That I learn about Jewish celebrations from Yom Kippur to Purim to the simple Friday night prayer is just a fringe benefit of the books as far as I’m concerned, though I’m fascinated by them. These moments of rich family life reverberate with calm, quiet well-being. “In the lovely hush of the Sabbath eve,” Taylor writes, “they
once more gathered around the table, the children with their books, Mama with her magazine, and Papa with his Jewish newspaper.” Who wouldn’t want to be part of such an inviting scene? Over the course of the five books, the family does everything from explaining to their Catholic neighbors (a useful foil if ever there was one) how to make meat kosher, to showing them how to celebrate a bris and how to build a sukkah. In return, the neighbors invite them to see their first Christmas tree, which Papa tells the girls they can look at but not help decorate. I have plenty of Jewish friends, but, this being the 1970s, most of them are reform, and with the exception of a Bar Mitzvah or two I haven’t been exposed to any of these traditions.
Certainly no one around me speaks Yiddish, a decline that was already apparent when Taylor wrote her books, and one of which she tacitly approved. She makes a point of saying that “In this foreign land [the Lower East Side], it was Mama’s girls who were the foreigners since they alone conversed in a foreign tongue—English.” So when the girls venture out to spend their allowance pennies and the street vendors call out to them—”a nickel a schtickel!”—it’s like going on a tour of a strange land with happily familiar guides.
For their author, however, the Jewish aspect of the books was more than just a means of time travel. It was a way of preserving the past she had willingly given up, even though she never originally intended for the stories to be published. It was her husband who took that first manuscript out of its box and sent it off, unbeknownst to his wife, to a contest. “No one was more surprised than I when I received a letter from [a children’s book editor] telling me she wanted to publish All-of-A-Kind Family,” Taylor recalled. “I didn’t know what she was talking about.” Thus was Taylor, who had been a Martha Graham dancer in a previous life, reborn as a best-selling children’s book author. Her books were the first to deal with everyday life in a Jewish family, and some fifty years later, they are still beloved by Jewish and non-Jewish children alike.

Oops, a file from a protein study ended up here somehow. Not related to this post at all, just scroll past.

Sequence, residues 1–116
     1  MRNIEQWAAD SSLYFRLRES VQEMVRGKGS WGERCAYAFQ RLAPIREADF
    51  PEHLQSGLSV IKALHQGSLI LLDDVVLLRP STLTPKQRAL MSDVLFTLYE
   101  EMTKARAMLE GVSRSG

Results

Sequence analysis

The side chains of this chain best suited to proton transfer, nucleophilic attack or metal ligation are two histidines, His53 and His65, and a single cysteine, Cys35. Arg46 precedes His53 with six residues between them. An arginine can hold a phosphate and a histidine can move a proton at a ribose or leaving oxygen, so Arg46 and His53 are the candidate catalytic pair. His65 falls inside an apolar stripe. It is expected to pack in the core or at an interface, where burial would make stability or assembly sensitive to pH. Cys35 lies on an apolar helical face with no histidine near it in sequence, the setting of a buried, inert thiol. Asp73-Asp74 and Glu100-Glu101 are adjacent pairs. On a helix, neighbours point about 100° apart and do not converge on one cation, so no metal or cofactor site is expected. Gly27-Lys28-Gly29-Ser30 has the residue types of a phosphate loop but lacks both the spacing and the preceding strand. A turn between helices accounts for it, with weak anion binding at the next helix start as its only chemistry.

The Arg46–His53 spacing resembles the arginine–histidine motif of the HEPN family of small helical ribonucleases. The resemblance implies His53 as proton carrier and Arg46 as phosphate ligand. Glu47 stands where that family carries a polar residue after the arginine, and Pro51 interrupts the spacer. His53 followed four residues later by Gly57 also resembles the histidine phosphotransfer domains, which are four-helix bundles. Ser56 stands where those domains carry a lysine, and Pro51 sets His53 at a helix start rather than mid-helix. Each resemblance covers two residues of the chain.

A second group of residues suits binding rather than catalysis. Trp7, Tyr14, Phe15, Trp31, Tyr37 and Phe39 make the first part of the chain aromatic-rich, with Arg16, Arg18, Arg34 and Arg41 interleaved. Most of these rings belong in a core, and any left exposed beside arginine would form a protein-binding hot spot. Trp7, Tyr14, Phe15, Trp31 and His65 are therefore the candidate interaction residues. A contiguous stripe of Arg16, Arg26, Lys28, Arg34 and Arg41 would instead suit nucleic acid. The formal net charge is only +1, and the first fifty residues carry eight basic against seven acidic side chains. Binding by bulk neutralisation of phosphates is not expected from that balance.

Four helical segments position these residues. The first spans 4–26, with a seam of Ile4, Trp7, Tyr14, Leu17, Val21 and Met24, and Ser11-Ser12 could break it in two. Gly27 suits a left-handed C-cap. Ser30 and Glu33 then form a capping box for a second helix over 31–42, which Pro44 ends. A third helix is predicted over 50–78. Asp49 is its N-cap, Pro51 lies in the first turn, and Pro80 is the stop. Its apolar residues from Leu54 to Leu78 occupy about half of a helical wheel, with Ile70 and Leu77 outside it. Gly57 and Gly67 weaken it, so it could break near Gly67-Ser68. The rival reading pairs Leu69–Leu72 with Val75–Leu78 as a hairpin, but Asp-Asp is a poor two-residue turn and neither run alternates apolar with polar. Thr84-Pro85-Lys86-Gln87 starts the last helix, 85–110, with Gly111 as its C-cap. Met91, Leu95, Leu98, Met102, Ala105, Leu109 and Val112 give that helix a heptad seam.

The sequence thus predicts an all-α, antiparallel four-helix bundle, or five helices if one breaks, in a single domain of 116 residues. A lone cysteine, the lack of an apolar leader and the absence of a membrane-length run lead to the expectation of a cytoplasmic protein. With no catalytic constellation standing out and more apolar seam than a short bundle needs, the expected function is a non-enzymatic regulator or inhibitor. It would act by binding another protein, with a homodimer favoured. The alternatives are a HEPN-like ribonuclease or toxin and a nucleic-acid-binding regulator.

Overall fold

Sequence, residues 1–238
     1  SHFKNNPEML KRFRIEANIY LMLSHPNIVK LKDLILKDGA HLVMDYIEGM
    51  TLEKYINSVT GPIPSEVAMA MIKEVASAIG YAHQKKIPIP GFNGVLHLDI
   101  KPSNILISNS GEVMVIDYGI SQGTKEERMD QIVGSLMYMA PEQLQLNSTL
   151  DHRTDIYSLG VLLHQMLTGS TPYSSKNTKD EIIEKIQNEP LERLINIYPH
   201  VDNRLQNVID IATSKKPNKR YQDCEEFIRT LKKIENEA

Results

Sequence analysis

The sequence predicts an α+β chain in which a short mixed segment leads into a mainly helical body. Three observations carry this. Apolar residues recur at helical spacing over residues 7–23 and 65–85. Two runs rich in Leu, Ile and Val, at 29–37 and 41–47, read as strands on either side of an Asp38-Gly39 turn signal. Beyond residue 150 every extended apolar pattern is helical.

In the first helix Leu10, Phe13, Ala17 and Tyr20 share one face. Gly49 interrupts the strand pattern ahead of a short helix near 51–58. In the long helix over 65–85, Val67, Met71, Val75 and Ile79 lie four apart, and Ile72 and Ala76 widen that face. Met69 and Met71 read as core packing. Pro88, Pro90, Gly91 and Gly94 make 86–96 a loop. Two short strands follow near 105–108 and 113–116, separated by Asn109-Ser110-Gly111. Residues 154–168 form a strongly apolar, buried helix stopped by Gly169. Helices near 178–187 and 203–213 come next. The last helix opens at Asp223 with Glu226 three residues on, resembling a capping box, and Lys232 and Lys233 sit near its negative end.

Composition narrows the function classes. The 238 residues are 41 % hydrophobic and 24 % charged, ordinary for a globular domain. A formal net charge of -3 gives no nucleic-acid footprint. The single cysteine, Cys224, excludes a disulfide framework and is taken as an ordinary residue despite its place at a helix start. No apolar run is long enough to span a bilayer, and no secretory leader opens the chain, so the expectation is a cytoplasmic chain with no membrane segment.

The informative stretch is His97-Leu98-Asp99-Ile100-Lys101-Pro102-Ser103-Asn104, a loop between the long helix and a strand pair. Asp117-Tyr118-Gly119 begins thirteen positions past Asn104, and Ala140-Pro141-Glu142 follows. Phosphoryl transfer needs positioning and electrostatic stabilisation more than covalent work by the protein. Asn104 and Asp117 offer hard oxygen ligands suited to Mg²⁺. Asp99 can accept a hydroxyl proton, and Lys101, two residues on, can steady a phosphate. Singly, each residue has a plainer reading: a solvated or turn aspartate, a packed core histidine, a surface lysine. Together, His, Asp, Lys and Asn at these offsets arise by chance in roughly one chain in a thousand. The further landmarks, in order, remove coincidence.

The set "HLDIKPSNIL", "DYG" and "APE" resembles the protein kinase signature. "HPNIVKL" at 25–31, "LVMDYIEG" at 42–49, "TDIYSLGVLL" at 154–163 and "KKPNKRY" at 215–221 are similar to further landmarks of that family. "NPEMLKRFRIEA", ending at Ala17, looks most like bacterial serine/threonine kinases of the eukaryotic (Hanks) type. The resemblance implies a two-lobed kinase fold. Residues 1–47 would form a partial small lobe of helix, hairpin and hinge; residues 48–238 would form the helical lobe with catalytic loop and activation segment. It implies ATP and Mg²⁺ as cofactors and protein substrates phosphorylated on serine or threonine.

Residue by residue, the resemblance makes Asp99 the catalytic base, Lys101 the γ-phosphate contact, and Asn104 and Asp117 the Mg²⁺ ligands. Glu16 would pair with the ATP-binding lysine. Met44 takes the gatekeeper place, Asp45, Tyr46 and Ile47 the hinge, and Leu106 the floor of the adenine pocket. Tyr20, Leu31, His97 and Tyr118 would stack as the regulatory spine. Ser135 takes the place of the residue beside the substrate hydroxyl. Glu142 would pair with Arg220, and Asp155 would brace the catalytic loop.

The secret of her books’ success, of course, lies in the truth that while they are steeped in Jewish culture and ritual, and serve as loving documents of a time and place now lost to a wave of trendy bars and boutiques, they also transcend it. They are deeply Jewish, but they are also about that great universal: childhood. The five sisters, and the brother who eventually joins them, get scared on the playground swings, lose their library books, and get in trouble with their parents. They even, in Ella’s case, have crushes on boys (her romance with Jules Roth, who takes her to eat in her very first restaurant and later goes off to fight in Europe, remains, in my opinion, one of the great literary love affairs though I’m willing to admit my judgment may be clouded by nostalgia).
In addition to these more obvious attributes, the All-of-A-Kind Family books also deal in a more subtle commodity, one that children never tire of reading about, as it forms the very foundation of their small worlds and in doing so allows them to venture forth. They tell readers, over and over again, that not having enough of some things in life—money, space, clothing—is more than made up for by having plenty of another thing, namely, the love of your family. In the same way that Laura Ingalls Wilder’s Little House on the Prairie books have enraptured generations of young readers with their descriptions of the sacrifices the Ingalls family makes in order to forge a better life for themselves in a strange new part of their country, Taylor’s books bring their readers along on another odyssey, one of assimilation in the promised land that America represented to European immigrants at the turn of the century. It’s a gentle ride, buffeted by trips to the penny candy store and other childish pleasures, but it leaves an indelible mark.